The third and final coin in this historic Canada series takes to the skies for one last look at The First 100 Years of Confederation. Its pop art elements speak to Canada’s post-war (1945-1967) prosperity and its active role on the world stage, and to a nationwide sense of optimism during Canada’s centennial year. It fuses art, history and industry. The coin weighs just over five ounces of pure silver, and has a mintage limited to just 1,250. HST/GST exempt.
Between 1945 and 1967, aviation technology sent us soaring to new heights and also brought us closer than ever before. At the end of the Second World War, our nation’s character had been established and our place on the international stage secured; but in the midst of Cold War tensions, our new-found sense of self emboldened us to champion peace and cooperation. It was a signal to the world that Canada had arrived.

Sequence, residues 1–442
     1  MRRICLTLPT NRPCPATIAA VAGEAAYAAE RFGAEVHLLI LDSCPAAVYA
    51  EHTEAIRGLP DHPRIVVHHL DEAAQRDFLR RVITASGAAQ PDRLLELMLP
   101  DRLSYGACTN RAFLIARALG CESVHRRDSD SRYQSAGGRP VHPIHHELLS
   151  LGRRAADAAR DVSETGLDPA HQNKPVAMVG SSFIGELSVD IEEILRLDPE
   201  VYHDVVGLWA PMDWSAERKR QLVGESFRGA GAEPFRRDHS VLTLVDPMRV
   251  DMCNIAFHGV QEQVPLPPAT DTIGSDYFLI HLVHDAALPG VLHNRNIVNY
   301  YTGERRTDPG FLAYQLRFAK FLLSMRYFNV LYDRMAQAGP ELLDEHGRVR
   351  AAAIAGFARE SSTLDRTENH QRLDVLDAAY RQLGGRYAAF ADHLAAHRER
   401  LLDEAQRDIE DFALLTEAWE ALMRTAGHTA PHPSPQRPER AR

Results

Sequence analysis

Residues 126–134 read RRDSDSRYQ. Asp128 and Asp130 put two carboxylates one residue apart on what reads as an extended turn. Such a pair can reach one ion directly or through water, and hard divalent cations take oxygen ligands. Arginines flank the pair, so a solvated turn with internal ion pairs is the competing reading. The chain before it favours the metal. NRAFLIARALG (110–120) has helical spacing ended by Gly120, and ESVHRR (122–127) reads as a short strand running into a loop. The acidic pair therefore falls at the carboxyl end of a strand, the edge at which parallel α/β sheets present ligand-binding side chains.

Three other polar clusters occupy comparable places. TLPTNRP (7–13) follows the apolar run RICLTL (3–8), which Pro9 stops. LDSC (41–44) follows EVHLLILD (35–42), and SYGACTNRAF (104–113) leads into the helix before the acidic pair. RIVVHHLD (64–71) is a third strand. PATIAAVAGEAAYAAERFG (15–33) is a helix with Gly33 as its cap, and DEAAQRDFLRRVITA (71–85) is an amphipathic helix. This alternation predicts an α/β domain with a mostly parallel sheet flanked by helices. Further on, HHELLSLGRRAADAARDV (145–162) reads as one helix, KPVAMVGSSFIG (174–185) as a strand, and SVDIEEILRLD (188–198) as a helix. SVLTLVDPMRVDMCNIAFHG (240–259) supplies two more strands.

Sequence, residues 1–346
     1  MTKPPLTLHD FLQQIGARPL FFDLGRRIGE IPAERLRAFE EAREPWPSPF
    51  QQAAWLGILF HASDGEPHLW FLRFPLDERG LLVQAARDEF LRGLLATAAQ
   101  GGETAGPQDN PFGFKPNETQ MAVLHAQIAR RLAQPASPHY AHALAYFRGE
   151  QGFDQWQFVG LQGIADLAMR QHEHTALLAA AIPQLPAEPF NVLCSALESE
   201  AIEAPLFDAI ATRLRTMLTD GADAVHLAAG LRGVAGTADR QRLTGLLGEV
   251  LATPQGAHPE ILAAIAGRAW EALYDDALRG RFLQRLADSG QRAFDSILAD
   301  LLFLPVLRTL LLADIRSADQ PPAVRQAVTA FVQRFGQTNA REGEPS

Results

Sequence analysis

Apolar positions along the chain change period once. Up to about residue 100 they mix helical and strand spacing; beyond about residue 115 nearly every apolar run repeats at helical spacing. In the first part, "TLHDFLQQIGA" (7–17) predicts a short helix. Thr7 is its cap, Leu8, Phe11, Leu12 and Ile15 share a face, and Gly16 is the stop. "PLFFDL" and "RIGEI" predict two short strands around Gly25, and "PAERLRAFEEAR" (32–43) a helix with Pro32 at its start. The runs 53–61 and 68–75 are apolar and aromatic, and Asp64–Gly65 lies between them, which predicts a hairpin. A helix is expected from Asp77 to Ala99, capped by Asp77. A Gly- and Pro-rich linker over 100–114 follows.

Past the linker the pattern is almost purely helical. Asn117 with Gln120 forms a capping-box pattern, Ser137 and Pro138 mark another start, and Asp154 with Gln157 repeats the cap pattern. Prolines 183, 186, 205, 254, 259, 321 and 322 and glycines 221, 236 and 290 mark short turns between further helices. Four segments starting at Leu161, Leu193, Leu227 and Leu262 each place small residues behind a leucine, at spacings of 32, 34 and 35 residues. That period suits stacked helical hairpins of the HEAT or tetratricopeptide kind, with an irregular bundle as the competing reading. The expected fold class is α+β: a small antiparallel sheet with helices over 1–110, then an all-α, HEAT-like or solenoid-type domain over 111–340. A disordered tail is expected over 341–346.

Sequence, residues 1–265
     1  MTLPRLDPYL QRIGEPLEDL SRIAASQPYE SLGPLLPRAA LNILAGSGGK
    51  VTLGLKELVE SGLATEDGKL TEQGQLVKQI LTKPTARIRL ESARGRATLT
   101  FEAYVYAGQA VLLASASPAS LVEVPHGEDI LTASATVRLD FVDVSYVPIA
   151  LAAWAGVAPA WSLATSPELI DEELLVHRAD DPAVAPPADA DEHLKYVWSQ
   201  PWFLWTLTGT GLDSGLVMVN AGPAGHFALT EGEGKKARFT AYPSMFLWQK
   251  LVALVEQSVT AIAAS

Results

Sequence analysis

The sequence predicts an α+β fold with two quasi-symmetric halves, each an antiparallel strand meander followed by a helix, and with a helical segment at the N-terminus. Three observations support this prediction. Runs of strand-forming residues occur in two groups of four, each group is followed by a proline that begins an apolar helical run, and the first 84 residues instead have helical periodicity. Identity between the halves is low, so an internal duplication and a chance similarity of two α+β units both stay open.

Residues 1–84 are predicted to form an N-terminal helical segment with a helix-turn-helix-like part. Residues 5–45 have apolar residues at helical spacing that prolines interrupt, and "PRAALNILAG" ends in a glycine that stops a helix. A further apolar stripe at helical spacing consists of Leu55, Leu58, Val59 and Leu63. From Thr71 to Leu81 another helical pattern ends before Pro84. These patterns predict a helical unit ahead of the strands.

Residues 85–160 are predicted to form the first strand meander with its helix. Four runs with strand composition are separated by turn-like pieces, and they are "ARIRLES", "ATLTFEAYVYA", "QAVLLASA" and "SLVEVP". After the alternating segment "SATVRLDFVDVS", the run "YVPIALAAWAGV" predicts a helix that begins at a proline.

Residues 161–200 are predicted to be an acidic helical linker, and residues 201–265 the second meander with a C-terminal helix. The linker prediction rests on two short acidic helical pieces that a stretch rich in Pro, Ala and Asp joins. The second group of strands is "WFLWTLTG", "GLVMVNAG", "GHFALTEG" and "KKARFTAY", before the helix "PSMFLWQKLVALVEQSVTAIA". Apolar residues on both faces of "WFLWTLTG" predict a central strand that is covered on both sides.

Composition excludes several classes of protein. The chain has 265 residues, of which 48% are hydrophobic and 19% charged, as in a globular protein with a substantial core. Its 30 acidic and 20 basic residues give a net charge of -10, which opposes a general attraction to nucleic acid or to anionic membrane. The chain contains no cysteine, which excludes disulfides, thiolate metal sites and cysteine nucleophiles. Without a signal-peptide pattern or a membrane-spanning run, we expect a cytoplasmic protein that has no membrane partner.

Designed by Canadian artist Glen Green, the main image features Canada’s famous bush plane, the de Havilland Canada DHC-2 Beaver. The obverse combines five of the effigies that have appeared on Canadian coins since 1867 (clockwise, from top): the first effigy of Her Majesty Queen Elizabeth II by Mary Gillick, the effigy of King George VI by T. H. Paget, the effigy of King George V by Sir E. B. Mackennal, the effigy of King Edward VII by G. W. De Saulles, and the effigy of Queen Victoria by L. C. Wyon.
Did you know?
Pilots have referred to the de Haviland DHC-2 Beaver as the world’s best bush plane. First flown in 1947, the iconic DHC-2 was designed to suit the needs of bush pilots and is hailed as the airplane that opened the North. It was also named one of the great Canadian engineering feats of the 20th century! The powerful DCH-2 Beaver was built for heavy lifting on short runways and can land on lakes, rivers, ice fields and snow. It has been used for year-round emergency medical evacuation, as well as freight and passenger service to many northern communities and isolated cabins. The U.S. military ordered hundreds of DHC-2 Beavers during the Korean War. And by the time production ceased in 1967, 1,600 of these legendary Canadian aircrafts had been delivered to pilots in Canada and around the world.